Teaching English is something that could not be done by everyone, so getting the right qualifications and obtaining a work permit is essential if you are planning to teach English in Germany.
Teaching English abroad is a great way to travel. Most jobs are for 15-25 hours per week and pay enough for daily expenses, accommodation, and a little extra fun! Furthermore, contracts are only for 6 months to a year, so qualified teachers can live in many different countries within a very a short period of time. As you gain more teaching experience, you’ll earn more money to pay for better weekend gateways. 2 years of teaching experience on your resume can double your salary!
Get certified and start your adventure now!
Find paradise. Stumble on to a remote sandy beach with that sunny non-contrast of powder white sand and crystal turquoise water, follow a jungle path up to a tree house at the edge of a jungle lake where there are elephants swimming, or doze off in a hammock in the shade with a beverage and some friends on your own private island. This is what Thailand has to offer!
If you have a reputable TESOL or TEFL Certificate, there are plenty of opportunities waiting for you. The trouble isn’t lack of options, the trouble is that most of us will almost undoubtedly be faced with the task of choosing to live in a place we have never seen. How can you be sure if you’ll be able to fit in and be happy in a place you couldn’t hope to understand? You can do research, you can find out that Thailand is the 21st most populous country, and the 50th largest in terms of total area. You can read about customs and culture shock, you can identify the nation’s official religion (Theravada Buddhism) and you can see pictures of what their toilet situation is like, but still there’s anxiety.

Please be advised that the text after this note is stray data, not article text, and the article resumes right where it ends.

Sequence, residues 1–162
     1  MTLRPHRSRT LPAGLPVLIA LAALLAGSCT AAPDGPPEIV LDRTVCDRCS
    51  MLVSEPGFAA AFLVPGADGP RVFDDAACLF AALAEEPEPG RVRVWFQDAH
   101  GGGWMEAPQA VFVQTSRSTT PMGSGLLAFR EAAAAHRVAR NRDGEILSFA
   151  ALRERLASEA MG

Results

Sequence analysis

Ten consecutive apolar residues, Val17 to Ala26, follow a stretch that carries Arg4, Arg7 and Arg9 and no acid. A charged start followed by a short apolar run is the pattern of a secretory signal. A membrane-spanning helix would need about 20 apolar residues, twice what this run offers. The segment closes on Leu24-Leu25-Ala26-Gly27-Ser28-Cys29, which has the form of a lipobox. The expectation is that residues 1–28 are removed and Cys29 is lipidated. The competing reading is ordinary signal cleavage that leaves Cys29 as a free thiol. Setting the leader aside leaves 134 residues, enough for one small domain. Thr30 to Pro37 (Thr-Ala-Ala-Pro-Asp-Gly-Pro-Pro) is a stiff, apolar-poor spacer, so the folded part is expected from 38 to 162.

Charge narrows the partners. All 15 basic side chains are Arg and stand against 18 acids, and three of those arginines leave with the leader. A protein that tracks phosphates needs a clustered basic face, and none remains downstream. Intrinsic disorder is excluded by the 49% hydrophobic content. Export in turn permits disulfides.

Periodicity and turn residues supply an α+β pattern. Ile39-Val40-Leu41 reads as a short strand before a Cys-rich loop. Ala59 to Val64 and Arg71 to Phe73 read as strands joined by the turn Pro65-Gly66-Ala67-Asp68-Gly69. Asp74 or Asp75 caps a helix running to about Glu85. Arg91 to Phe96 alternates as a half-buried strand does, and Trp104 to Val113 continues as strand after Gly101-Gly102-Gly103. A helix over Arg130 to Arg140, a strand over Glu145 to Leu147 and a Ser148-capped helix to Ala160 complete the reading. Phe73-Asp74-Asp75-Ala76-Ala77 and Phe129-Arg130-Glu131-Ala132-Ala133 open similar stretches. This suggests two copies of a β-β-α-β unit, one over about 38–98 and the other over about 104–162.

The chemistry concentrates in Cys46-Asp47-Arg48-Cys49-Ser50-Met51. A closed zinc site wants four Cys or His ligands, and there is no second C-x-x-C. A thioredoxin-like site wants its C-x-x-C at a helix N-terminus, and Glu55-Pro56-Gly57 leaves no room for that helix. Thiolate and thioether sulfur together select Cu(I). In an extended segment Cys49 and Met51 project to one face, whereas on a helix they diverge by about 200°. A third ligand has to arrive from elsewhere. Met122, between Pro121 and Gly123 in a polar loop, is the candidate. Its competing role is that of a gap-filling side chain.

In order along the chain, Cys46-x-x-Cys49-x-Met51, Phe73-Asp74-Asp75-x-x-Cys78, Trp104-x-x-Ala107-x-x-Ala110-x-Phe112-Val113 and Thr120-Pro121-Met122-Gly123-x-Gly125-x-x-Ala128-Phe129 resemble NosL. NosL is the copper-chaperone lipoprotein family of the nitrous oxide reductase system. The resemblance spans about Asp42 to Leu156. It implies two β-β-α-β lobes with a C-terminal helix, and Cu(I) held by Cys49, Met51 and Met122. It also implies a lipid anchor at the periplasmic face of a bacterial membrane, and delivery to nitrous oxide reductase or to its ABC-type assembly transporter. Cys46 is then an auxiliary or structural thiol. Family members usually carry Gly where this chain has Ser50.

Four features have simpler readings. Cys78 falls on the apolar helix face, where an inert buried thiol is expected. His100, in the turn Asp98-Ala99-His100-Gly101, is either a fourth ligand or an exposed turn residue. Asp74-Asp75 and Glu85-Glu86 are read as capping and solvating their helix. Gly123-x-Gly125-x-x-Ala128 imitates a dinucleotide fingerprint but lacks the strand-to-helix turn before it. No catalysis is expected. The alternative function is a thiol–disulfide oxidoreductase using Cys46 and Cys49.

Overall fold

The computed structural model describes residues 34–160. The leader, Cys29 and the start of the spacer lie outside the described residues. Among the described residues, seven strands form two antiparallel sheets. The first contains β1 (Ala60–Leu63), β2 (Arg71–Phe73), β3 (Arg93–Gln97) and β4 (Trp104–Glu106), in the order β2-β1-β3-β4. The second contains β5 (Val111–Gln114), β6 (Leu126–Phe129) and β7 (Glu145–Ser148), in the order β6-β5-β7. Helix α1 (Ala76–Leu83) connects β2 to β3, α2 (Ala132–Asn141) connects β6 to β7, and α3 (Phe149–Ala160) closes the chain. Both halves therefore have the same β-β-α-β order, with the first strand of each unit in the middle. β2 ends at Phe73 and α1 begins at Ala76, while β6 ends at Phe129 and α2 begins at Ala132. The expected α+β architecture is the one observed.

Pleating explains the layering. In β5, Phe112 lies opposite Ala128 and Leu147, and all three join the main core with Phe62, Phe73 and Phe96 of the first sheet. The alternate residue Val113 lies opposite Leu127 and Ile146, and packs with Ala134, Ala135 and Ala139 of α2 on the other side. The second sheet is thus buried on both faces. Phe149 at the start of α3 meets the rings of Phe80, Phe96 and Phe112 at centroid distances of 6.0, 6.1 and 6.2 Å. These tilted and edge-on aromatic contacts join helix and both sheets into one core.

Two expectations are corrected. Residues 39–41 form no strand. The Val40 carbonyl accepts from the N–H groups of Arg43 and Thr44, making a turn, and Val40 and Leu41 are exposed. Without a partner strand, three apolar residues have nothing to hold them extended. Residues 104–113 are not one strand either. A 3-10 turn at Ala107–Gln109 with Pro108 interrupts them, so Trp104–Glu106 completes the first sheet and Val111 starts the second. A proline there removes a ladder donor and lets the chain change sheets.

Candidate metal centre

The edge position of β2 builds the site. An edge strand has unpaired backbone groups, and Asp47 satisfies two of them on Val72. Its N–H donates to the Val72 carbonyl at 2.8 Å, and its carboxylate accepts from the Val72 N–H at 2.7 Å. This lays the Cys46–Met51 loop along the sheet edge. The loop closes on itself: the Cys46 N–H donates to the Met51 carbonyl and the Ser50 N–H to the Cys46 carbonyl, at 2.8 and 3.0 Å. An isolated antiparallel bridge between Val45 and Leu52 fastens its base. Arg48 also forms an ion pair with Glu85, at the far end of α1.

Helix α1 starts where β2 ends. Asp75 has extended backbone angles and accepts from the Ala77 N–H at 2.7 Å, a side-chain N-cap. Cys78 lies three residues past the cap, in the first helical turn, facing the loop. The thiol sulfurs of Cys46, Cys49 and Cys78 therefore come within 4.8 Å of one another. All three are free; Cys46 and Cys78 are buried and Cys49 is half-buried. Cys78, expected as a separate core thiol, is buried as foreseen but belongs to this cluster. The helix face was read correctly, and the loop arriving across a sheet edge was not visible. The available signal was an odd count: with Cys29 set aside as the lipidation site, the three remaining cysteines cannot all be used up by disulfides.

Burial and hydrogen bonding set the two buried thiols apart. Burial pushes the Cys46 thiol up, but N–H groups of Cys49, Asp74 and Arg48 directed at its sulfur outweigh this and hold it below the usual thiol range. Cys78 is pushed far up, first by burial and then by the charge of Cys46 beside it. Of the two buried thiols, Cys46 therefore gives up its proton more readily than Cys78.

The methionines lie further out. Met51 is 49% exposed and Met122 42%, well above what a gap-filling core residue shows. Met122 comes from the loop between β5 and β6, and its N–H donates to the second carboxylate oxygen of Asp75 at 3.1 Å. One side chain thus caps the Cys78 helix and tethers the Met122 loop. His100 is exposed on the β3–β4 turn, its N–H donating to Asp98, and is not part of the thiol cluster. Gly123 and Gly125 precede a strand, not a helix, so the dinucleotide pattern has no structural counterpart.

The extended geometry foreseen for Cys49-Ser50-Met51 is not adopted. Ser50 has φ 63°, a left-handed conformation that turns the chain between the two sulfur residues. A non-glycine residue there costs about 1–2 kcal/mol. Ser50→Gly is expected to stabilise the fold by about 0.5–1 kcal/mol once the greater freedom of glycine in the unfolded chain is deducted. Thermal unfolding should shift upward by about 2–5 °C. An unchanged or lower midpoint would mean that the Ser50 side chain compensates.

The anxiety is a facet of the whole teaching abroad enterprise, and certainly not restricted to the Thai experience. There’s always an element of the unknown, some part mystery in the undertaking, it’s part of why we do it.
So now we are getting to it: why do we do it? There are so many reasons to teach abroad, I wouldn’t even know where to begin. And in any case if you’re reading this then it’s very likely that that decision has already been made. But it’s relevant because once you know that you want to teach abroad, and you’ve sort of sorted out why, and you now are trying to decide between job placements in countries you’ve never been to, and you’re wondering if Thailand is really all that it’s cracked up to be, then at that moment you need to go back and look over your list of reasons.
Choosing from different far-off places with so little to be sure of will center around two main themes: the financial and the adventure. And this is where Thailand emerges as an easy choice, almost a no-brainer, because if you’re in it for the numbers, don’t go to Thailand. You can make money in Thailand but not a lot, and it’s hard, and money has a way of melting away in the tropical heat. But if you’re down for adventure, then Thailand is perfect for you. She knows exactly what you’re talking about and has more in store than could ever be written, just waiting to be explored and experienced. If you want to find a paradise then come teach with me in Thailand.
The cost of living does not top the $500 range, and salaries are between $800 and $1,300 a month.
100-hour TESOL/TEFL Certificate
A TEFL certificate issued by a school that charges money to credit your teaching experience is not a reputable one.
You may be an experienced teacher but it does not mean that you have been doing the right job. Many people go to another country where hiring standards are low and get a job because they are a native speaker; however, being a native speaker does not make you a professional teacher.
Most teachers who have not taken an internationally recognized TEFL course have little knowledge about preparing lesson plans, so when they do take a TEFL/TESOL course, they must unlearn all the bad habits and struggle more than a fresh teacher.